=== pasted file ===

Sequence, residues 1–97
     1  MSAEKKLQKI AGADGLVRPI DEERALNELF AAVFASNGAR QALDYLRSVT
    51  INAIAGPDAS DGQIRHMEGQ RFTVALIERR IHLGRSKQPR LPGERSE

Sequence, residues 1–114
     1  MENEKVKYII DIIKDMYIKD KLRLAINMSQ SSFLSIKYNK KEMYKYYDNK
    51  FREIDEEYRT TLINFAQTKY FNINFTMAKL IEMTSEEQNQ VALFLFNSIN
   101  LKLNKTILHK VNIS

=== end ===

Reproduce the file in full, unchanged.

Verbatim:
Sequence, residues 1–97
     1  MSAEKKLQKI AGADGLVRPI DEERALNELF AAVFASNGAR QALDYLRSVT
    51  INAIAGPDAS DGQIRHMEGQ RFTVALIERR IHLGRSKQPR LPGERSE

Sequence, residues 1–114
     1  MENEKVKYII DIIKDMYIKD KLRLAINMSQ SSFLSIKYNK KEMYKYYDNK
    51  FREIDEEYRT TLINFAQTKY FNINFTMAKL IEMTSEEQNQ VALFLFNSIN
   101  LKLNKTILHK VNIS